When it comes to protein-packed snacks, people love beef jerky. It's meaty, flavorful and satiating. But oftentimes, it can come with a hefty side of sugar and preservatives.
However, there's good news for all the carnivorous devotees out there: A new snack that's similar to jerky — but way better — has been booming in popularity.
Enter: Biltong. Think of it as jerky's zero-sugar, higher-in-protein cousin. Basically, it's the meat-forward nibble we can get on board with.
What Is the Difference Between Beef Jerky and Biltong?
If you've been lucky enough to make the journey to South Africa, chances are high you've heard of biltong. As a country-wide tradition and specialty, you can find it at nearly every grocery store, gas station and roadside market. It's a common snack to take while on safari in Kruger National Park, while on a boat ride through the Cape Town harbor, or really for any occasion.
Biltong is typically made from a thicker and fattier cut of meat and has a longer drying time, explains Naturopathic Medical Doctor Donese Worden. When you taste it, it's flavorful and chewy, and at times, a bit tangy. It's heartier and slightly healthier than its brother, beef jerky.
"The meat is air-dried for two to three weeks, spiced with simple ingredients and then thinly sliced, making it more tender than other meat snacks on the market."
South African native and co-founder of Kalahari Biltong, Brett Johnston, says that the biggest difference between beef jerky and biltong is the preparation. While jerky is cooked and heated for hours, the biltong-making process follows a centuries-old tradition: "The meat is air-dried for two to three weeks, spiced with simple ingredients and then thinly sliced, making it more tender than other meat snacks on the market," Johnston says.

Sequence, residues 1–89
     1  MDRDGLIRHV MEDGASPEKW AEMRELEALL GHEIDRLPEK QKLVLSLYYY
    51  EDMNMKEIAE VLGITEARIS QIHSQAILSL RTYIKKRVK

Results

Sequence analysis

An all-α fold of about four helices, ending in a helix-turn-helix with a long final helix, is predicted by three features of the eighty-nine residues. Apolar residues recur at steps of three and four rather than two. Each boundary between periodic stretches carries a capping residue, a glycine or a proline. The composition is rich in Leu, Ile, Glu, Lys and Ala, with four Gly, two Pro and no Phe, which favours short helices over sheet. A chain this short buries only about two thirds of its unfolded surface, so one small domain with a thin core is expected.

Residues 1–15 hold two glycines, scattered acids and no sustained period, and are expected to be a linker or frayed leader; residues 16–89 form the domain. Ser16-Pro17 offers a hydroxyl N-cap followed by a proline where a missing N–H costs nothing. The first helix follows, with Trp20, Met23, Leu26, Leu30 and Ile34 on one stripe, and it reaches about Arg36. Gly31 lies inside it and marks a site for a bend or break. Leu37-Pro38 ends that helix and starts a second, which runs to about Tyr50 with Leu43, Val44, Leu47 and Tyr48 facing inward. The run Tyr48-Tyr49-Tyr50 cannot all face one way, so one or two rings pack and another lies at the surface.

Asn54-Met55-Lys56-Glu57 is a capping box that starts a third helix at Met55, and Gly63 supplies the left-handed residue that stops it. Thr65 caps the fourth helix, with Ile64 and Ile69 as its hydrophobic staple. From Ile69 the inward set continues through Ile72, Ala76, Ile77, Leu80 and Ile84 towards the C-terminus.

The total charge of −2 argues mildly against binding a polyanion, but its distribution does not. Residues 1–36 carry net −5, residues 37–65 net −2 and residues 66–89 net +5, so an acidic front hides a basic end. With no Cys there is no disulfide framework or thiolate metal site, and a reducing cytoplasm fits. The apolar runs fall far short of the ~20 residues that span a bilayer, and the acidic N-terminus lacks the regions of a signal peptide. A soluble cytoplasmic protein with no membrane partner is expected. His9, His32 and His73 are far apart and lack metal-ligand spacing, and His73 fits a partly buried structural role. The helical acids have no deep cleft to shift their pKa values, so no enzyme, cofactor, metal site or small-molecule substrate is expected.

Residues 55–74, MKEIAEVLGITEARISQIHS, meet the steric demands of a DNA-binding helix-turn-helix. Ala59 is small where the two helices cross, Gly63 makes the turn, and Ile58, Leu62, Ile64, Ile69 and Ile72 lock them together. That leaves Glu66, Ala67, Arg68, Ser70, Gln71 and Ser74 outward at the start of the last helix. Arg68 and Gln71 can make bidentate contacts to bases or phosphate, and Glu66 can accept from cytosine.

When he moved from his home country to the states, he missed snacking on biltong and decided to bring the authentic variety to America. The end product is Kalahari Biltong, an all-natural biltong brand, featuring cuts of meat that are high-protein, gluten-free, zero-sugar and unprocessed — which deems their snack compliant with Whole30, paleo and keto diets.
Is Biltong Healthier Than Jerky?
The short answer: Yes. If you're a fan of beef jerky, consider testing out biltong to spice up your snacking routine. After all, if you tend to buy off-the-shelf beef jerky, you may be surprised to know that it typically has added sugar and has been packaged for months before purchase. All of those preservatives allow for a longer shelf life, but may not spell good news for your health.
Biltong usually has some added nutritional benefits worth your attention.
It's Low in Fat
Even though biltong is usually meatier than strips of beef jerky, Keith-Thomas Ayoob, RD and associate clinical professor at the Albert Einstein College of Medicine, confirms that biltong is lower in fat and higher in protein. If you find yourself struggling to make it through the workday or doing double-time on a hike, biltong can be an ideal pick-me-up. Not only is it filling but it'll give you an energy boost (without a sugar crash) thanks to the high protein content, Ayoob says.
Its Nutrients Are Heat-Stable
When foods are prepared — whether vegetables, proteins, carbs or fruits — they lose or gain nutrients. Because certain products and varieties from the ground release vitamins when they're heated, they have to be eaten raw for a person to get those nutrients.
The opposite is true for biltong, which Ayoob says is a heat-stable snack. Often, biltong is packed with vitamin B12, iron, magnesium and zinc, and all of those stay within the meat after it's cooked and left to dry. This isn't always true with other proteins, so it's a positive perk for this South African treat.
It's Helpful for Meeting Weight-Loss Goals
When we set weight loss goals, there are plenty of hurdles to overcome. Not only do we need to get into the right mindset to remain motivated, but we have to re-train our appetites to be healthier and less, well, demanding. Ayoob says that biltong is an ideal snack for anyone who is trying to drop weight.
"Its calories come almost entirely from protein and it's an easy way to cut excess calories and maintain high-quality nutrition," he explains. "As a dried snack, it can help satisfy hunger without having to eat a high volume of food, something people may not want to do when pressed for time or after a workout."
Bottom line: Meat eaters and paleo fans should give biltong a chance. Who knows, it may even inspire your next trip!